Second, on the knowledge graph panel, the main competitors show up as “people also search for.” I don’t think that Beyonce is very happy when the user is redirected to Rihanna straight from her knowledge graph.
Furthermore, if the official website is not the first site listed on the page result, the user is less likely to click on it. This way, the webpage in question will suffer a reduction in clicks which will probably affect the website’s ranking overall.
So, do we need to change our approach to SEO from now on? How should a website address this issue and manage to remain competitive given the situation? The oldest trick in the book should remain: create content for humans and not for search engines. Still, even if you do that, the knowledge-graph will probably list a Wikipedia link and some of your competitors instead of your official website and brand. Thereby, let’s see how to best take advantage of the Knowledge Graph instead of fighting with it.
How to Take Advantage of the Knowledge Graph
1. Answer Questions
If we think about it, a search engine’s main job is to answer questions. Whether you need to know how to get rid of the fleas on your dog or find the nearest bike shop in your neighborhood, as a “searcher” you use a search engine when you need to find an answer.
The Knowledge Graph understood this need and is now focusing on answering the real question(s) and not just generating a list of websites that match some keywords. As Google is doing a great job of returning highly relevant and related content, websites should step up their game and do the same. When creating content, it is not enough anymore to stress some keywords in the hope that they will bring traffic.
Even if you think that this “how to” approach looks a bit shallow, using it properly doesn’t mean just adapting to the knowledge graph’s rules but also to your audience’s needs.
Below is the list of results Google generated when I searched for “how can i learn to swim.” You can see that a highly related content was generated and not only text but also videos. The search engine gave me results based not only on the “swim” keyword but it closely matched my intent.
2. Better On-Site Structure
As I mentioned before, it became more and more about the context and the user’s intent. Which is great, but you shouldn’t lose sight of how your website should respond to these changes. A good start could be correctly targeting your audience. When you know exactly who your audience is and what exactly it wants and needs, you can structure the content on your site accordingly.
Moreover, in order to perform best in the Knowledge Graph you should take care of your site’s structure. For instance, map out the entire site to see which keywords should be used on different pages of the site. Besides, have a look at the names you’ve come up with for your sections and that the page(s) are relevant to the search queries the users have used. Knowing which keywords fit certain pages and a balanced structure of your pages and sections has always been important in terms of SEO. Still, the knowledge graph makes this features indispensable.
3. Think From the User’s Point of View
Google’s Knowledge Graph also means that people who are actually looking for your content are more likely to find it in the massive slush-pile that is the Internet.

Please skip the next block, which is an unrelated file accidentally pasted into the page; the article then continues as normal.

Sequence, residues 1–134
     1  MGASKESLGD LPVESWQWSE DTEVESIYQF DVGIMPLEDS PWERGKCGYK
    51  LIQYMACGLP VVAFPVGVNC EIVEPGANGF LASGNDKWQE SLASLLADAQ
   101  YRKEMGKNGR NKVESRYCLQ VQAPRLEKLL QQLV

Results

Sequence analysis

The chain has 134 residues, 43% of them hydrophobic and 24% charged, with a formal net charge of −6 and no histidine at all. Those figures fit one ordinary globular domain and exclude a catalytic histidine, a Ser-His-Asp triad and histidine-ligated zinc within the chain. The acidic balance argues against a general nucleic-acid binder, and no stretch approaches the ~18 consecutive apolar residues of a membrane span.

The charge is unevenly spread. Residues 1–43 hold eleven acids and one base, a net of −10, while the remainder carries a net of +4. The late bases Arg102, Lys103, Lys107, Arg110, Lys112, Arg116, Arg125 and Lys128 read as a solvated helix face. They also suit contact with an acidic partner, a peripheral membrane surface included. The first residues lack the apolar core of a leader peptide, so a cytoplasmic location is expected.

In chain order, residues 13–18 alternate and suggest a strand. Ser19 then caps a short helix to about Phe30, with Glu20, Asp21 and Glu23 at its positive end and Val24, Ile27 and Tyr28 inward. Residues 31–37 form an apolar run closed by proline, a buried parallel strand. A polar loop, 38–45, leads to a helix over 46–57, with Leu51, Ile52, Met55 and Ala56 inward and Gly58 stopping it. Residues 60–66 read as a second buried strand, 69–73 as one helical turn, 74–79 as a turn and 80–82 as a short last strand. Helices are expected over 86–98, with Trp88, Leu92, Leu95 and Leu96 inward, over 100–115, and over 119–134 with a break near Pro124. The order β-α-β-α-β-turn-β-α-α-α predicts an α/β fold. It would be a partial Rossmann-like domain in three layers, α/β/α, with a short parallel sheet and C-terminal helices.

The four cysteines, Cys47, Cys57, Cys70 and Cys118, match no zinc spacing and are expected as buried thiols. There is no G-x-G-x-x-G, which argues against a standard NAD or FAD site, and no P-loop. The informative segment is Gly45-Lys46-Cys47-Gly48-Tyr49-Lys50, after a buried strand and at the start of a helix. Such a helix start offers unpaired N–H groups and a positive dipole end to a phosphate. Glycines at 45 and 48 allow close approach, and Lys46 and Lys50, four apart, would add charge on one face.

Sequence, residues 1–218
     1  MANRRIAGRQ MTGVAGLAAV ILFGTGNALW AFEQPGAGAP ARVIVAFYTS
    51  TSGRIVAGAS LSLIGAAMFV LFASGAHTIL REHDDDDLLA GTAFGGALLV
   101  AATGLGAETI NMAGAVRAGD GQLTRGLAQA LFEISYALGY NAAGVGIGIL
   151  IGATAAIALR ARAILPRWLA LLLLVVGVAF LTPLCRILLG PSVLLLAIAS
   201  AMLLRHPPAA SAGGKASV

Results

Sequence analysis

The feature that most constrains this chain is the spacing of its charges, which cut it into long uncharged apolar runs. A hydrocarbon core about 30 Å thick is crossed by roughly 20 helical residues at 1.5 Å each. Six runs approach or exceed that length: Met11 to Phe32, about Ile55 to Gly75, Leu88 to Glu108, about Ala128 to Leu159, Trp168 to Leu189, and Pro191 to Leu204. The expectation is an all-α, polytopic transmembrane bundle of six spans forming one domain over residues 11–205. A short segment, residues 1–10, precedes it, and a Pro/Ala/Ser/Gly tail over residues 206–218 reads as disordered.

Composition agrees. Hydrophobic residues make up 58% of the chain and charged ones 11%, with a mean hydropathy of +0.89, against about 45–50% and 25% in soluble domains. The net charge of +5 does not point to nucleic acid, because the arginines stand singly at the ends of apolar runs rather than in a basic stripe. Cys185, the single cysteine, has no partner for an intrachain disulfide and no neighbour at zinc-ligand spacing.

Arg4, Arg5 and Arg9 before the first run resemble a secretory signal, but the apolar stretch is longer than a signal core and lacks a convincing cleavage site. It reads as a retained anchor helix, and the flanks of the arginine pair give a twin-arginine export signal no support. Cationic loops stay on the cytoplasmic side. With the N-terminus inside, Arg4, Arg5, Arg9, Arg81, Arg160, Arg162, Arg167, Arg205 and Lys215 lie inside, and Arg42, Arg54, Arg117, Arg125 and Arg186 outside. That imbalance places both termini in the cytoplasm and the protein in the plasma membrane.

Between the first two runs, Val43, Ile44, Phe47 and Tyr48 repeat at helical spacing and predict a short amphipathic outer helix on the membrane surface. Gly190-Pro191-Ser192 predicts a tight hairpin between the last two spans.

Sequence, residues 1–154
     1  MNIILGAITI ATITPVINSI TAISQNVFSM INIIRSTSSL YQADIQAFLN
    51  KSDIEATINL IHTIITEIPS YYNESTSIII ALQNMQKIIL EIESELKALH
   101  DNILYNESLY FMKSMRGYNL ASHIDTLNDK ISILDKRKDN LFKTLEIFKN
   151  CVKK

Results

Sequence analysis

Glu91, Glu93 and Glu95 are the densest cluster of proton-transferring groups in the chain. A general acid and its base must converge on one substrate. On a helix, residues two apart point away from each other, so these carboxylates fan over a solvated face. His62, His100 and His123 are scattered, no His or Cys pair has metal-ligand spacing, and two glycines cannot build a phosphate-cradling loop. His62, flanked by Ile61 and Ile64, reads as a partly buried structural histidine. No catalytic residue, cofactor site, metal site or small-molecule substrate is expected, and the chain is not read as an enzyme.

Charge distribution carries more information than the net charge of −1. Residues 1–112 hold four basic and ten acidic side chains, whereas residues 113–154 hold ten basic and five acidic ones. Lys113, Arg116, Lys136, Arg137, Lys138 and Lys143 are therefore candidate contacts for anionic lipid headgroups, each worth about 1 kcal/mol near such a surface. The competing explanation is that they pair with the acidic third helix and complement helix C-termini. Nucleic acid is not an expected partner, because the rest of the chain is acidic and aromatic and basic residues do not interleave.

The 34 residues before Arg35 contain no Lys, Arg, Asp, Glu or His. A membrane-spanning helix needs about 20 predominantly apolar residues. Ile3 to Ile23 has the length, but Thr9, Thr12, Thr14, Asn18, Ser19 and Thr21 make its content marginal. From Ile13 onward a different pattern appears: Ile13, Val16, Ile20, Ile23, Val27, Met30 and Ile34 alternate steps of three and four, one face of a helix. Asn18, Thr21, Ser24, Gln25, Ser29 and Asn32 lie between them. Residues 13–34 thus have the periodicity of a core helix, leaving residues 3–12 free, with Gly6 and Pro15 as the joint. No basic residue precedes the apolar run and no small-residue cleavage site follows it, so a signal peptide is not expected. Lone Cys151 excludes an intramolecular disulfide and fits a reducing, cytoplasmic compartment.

SEO is no longer just a mixture of keywords which, when used in the right amount make the perfect recipe for success.
Let’s take the television series Games of Thrones, for example. If you are looking for the TV show because you want to find out more about an actor in the show, the natural next search will probably be the actor’s name. If, for instance, one website uses the name of the show as well as the actor’s name as keywords, that site can receive traffic both from the users who looked for the show, who may be advised to search for the actor, and from the people looking for the actor, who may be recommended to search the show.
The future of search is here. Today. Right now. As Ben Gomes, a Google engineer mentioned, Google is switching “from strings to things” into something that understands and translates your words into the real-world entities you’re talking about. It’s highly important to take advantage of the Knowledge Graph, as a user, as a webmaster, and as an SEO expert.
You really need to understand what the Knowledge Graph is doing for the search industry and take full advantage of this futuristic feature.
While the Knowledge Graph might seem, on the surface, to be just a Wikipedia widget, what it is actually about are the interconnections between several entities and concepts. Google can intuitively perceive what you are really trying to find.
As Google spokesperson Jason Freidenfelds mentioned, “You might be interested in Albert Einstein because of his work in physics, or because of his peace activism – we sometimes have to put Einstein in the same bucket as Gandhi. We’re not trying to tell you what’s important about Einstein – we’re trying to tell you about what humanity is looking for when they search.”
The knowledge graph gives SEO a new vibe and a fresher approach of its tactics. However, it’s hard to say what this means for optimization and, in the end, only time will tell how Google’s Knowledge Graph will impact the SEO tactics. Until then, the best thing we can all do is take full advantage of the Knowledge Graph, with all the “goodies” it brings.
Featured Image: amasterphotographer via Shutterstock